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What Sci‐Fi Futures Can (and Can’t) Teach Us About AI Policy, open­ing and clos­ing com­ments

AI Policy Futures is a research effort to explore the rela­tion­ship between sci­ence fic­tion around AI and the social imag­i­nar­ies of AI. What those social mea­sures can teach us about real tech­nol­o­gy pol­i­cy today. We seem to tell the same few sto­ries about AI, and they’re not very help­ful.

Decentralize, Democratize, or Die

You might be more com­fort­able think­ing about deploy­ing math and code as your tac­tic, but I want to talk to you about the full suite of tac­tics that we use to effect change in the world. And this is a frame­work that we owe to this guy Lawrence Lessig.

The Conversation #64 — Peter Gleick

We have even in the United States seri­ous and grow­ing water scarci­ty chal­lenges. We have con­t­a­m­i­na­tion prob­lems with chem­i­cals that we have not ade­quate­ly reg­u­lat­ed here in the United States. We have con­flicts between states in the United States about who gets to use what water to do what. We have evi­dence that cli­mate change is already influ­enc­ing water demand, affect­ing water avail­abil­i­ty, chang­ing extreme events. There are a whole suite of water‐related prob­lems, here, unre­lat­ed to these basic human need chal­lenges that’re press­ing in oth­er parts of the world.

REACT to Close the Digital Gender Divide

I found that research glob­al­ly is point­ing out that women are 50% less like­ly to be con­nect­ed to the Internet. And not just that. Even when they’re con­nect­ed they’re 30 to 50% less like­ly to use it for per­son­al empow­er­ment. So much for Web For All, right?

Your Body is a Honeypot
Loving Out Loud When There’s No Place to Hide

We have to ask who’s cre­at­ing this tech­nol­o­gy and who ben­e­fits from it. Who should have the right to col­lect and use infor­ma­tion about our faces and our bod­ies? What are the mech­a­nisms of con­trol? We have gov­ern­ment con­trol on the one hand, cap­i­tal­ism on the oth­er hand, and this murky grey zone between who’s build­ing the tech­nol­o­gy, who’s cap­tur­ing, and who’s ben­e­fit­ing from it.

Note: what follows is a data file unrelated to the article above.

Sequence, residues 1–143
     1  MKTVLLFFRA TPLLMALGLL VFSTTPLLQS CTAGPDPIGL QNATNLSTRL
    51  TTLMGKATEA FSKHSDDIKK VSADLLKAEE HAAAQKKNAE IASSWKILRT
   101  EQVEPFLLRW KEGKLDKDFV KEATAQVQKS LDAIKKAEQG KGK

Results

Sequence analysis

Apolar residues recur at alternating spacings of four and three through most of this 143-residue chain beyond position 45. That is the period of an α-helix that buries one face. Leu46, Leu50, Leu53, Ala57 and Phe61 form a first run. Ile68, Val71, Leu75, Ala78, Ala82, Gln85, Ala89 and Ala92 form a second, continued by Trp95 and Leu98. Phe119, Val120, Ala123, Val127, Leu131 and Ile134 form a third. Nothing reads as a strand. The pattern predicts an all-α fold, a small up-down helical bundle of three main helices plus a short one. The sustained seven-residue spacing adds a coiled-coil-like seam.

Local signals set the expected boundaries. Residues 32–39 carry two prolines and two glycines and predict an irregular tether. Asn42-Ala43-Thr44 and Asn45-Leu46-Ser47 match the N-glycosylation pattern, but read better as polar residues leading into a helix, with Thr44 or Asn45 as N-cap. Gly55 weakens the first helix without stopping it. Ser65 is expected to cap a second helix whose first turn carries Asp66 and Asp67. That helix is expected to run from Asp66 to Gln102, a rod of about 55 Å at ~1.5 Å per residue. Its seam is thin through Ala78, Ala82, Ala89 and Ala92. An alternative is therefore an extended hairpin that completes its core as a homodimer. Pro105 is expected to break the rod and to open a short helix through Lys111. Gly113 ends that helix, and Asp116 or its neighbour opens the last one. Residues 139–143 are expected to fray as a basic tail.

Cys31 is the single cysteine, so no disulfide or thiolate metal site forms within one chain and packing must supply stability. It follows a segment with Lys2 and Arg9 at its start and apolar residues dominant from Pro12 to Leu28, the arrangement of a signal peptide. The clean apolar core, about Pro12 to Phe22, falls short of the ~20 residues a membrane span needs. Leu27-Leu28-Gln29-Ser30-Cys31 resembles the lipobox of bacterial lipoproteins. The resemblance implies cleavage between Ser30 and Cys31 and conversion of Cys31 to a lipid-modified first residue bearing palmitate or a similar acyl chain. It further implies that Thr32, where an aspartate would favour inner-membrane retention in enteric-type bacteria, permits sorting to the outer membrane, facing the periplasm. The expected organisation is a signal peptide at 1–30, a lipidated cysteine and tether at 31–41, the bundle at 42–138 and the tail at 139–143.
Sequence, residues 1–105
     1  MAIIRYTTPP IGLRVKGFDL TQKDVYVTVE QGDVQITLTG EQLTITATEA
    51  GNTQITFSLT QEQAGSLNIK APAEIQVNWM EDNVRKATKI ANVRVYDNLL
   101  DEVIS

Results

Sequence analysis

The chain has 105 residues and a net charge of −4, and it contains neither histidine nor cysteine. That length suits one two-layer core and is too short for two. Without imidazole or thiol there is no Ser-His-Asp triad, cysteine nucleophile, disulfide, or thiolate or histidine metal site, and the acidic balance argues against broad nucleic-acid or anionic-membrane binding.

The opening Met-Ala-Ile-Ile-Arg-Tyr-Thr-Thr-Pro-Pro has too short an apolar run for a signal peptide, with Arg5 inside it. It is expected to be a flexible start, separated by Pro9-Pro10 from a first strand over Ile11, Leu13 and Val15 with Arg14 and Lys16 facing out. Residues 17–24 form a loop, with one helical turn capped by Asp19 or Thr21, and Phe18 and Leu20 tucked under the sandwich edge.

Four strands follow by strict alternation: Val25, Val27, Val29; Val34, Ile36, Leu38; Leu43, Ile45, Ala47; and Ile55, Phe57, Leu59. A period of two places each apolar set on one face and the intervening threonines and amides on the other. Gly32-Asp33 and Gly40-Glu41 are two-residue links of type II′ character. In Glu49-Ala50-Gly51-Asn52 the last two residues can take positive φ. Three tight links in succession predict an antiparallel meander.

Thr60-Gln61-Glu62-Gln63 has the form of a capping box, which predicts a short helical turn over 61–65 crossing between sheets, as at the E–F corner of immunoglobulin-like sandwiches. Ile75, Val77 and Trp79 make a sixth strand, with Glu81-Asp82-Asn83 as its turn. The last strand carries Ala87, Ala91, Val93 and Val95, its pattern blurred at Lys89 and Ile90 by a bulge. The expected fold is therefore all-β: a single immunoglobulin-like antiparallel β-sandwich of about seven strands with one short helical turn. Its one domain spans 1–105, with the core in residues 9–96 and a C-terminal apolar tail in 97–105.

Discovering Health Innovations in Humanitarian Settings

During the war in Afghanistan, the mil­i­tary decid­ed to air drop food pack­ages as part of its win­ning hearts and minds cam­paign. Unfortunately, the food pack­ages were very sim­i­lar in appear­ance to the clus­ter bombs they were drop­ping at the same time. If mil­i­tary decision‐makers had spo­ken to com­mu­ni­ties, aid work­ers, mil­i­tary per­son­nel on the ground, they’d have fig­ured out there were smarter ways to deliv­er food and win the trust of the Afghan peo­ple.

Forbidden Research: Messing with Nature Part I: Genetics

When it comes to a field as fast‐moving and as high of stakes as genet­ic engi­neer­ing, how do we pro­ceed wise­ly? How do we bal­ance our own wild­ness and civil­i­ty as we devel­op increas­ing­ly pow­er­ful ways to inter­act with the liv­ing world?

The Conversation #17 — Laura Musikanski

What’s key…is that we all need to work togeth­er. There’s no way for all of us to know about each oth­er. We’re in that part of this new way of being that there’s too many play­ers. It’s too chaot­ic. There is no cen­ter, there is no hub. But we need to find ways to work togeth­er, and to lose the idea that any one of us is the solu­tion. Because if any one of us were the solu­tion, we wouldn’t be where we are now.

The Conversation #11 — Lisa Petrides

Obviously there’s human rights that have to do with water and air and safe­ty and shel­ter, but I think edu­ca­tion is right there with it because it real­ly is a pub­lic good. I have such a hard time with peo­ple who say, for exam­ple, who don’t have chil­dren and say, Well why should I pay those tax­es. I don’t have any­body in the schools. It’s not ben­e­fit­ting me.” And I think how can you pos­si­bly say that? Those are the peo­ple that are ser­vic­ing you, whether they’re ser­vic­ing your roads or your super­mar­ket or your med­ical offices.

The Conversation #6 — Jan Lundberg

If we are look­ing at what oil real­ly pro­vides to soci­ety, and what keeps us going for essen­tial ser­vices and goods, then our life sup­port sys­tem is in jeop­ardy. We are not prepar­ing for peak oil. We are not reor­ga­niz­ing our­selves for a degrad­ed ecosys­tem. So we are head­ing head­long into col­lapse, and this is some­thing that is not being dis­cussed. It is taboo to imag­ine that the whole growth scheme some­how comes to an end or that there is some­thing like peak oil that doesn’t trans­late into some tran­si­tion of renew­able ener­gy to make pos­si­ble a green con­sumer soci­ety with this lev­el of pop­u­la­tion.

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